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Kyrgyzstan Politics

Kyrgyzstan is a parliamentary republic that has overthrown its president twice: once in 2005 and again in 2010. Mismanagement at the national-level furthers corruption by organized crime, which is perceived as receiving kickbacks from the lack of clear policy on appropriate resource management. Local, formal, government officials and informal, local leaders, like aksakals (white beards in Kyrgyz language) also known as senior community elders, leaders of womens councils, youth leaders and, in some cases, religious officials are trusted leaders. They were cited as those who tried to solve local problems, but lack the power and resources for sustainable change. Lack of oversight, transparency and accountability of state institutions at the local level has led to a lack of trust in formal state institutions by the general population. The majority know that formal state institutions need to exist but have little to no trust in them.

The incompetence at the local level is linked to two issues: corruption and nepotism which qualifies individuals for positions in formal institutions and national-level instability within formal state institutions. In turn, peoples reliance on informal structures (civil society organizations, teachers, village councils, womens councils, youth sports programs, etc.) for protection, service provision and advocacy has lead to a rise in tension between Kyrgyzstans formal and informal institutions.

Since independence from the Soviet Union, the Kyrgyz Republic has struggled to find a strong government to lead the country through political transitions in a non-violent manner. Corruption is endemic, and people have lost faith in its governing structures. State institutions have been unable to provide justice and security for all or to adopt a comprehensive strategy to resolve conflict drivers associated with interethnic discord.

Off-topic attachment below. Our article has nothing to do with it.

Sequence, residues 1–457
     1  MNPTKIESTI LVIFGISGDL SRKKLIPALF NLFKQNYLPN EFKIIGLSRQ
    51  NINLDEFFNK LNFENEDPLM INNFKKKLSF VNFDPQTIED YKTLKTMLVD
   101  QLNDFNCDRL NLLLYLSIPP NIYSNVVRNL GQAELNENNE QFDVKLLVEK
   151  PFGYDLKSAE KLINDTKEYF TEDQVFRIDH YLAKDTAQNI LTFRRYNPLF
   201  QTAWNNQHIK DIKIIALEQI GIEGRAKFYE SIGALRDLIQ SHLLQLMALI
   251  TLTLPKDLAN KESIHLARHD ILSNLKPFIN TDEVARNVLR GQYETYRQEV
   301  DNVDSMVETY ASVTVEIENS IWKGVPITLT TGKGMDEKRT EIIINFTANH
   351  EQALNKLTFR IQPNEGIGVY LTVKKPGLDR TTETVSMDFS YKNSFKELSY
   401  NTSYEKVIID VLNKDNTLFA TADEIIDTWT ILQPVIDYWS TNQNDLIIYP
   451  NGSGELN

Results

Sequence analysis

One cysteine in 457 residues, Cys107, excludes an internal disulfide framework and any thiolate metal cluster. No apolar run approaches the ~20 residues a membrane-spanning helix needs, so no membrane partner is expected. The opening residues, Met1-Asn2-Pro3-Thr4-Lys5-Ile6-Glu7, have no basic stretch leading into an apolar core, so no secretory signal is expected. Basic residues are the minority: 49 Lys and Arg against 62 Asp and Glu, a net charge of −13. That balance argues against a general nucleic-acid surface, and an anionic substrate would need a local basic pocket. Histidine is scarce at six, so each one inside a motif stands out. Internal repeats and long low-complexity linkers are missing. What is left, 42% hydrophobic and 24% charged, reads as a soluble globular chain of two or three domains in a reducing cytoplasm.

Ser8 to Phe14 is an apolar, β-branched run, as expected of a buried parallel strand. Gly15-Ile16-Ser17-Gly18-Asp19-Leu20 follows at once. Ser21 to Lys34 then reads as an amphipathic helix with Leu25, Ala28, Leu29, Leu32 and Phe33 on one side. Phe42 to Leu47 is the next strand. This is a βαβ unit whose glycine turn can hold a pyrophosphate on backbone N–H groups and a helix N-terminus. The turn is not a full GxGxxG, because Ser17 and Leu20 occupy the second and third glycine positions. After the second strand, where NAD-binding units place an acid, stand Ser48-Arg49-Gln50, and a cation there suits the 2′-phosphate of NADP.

Crime is pervasive in Kyrgyzstan and is often linked to people in power. In some circles, and to some extent, violence can be bought, as evidenced in its sometimes highly organized nature in Osh and other parts of the country. The quest for power through criminal, commercial and political means - with a grey area in between - is in turn based on a clan structure which continues to play an important part in social relationships.

A major divide runs along the north-south axis. The two regions have historically been distinct and tensions between them are an important underlying factor in political power struggles. Significant regional political power centers continue to exist, with a pronounced split between northern and southern provinces. In many cases, political loyalties still are defined by clan rather than party. Since its independence, Kyrgyzstan has been noteworthy for the relative openness of its political discourse and vibrancy of its civil society. Although still the leader in the region, Kyrgyzstan remains a fledgling democracy. It boasts a political opposition, an independent press that occasionally criticizes the government, and credible freedoms of religion, speech and assembly.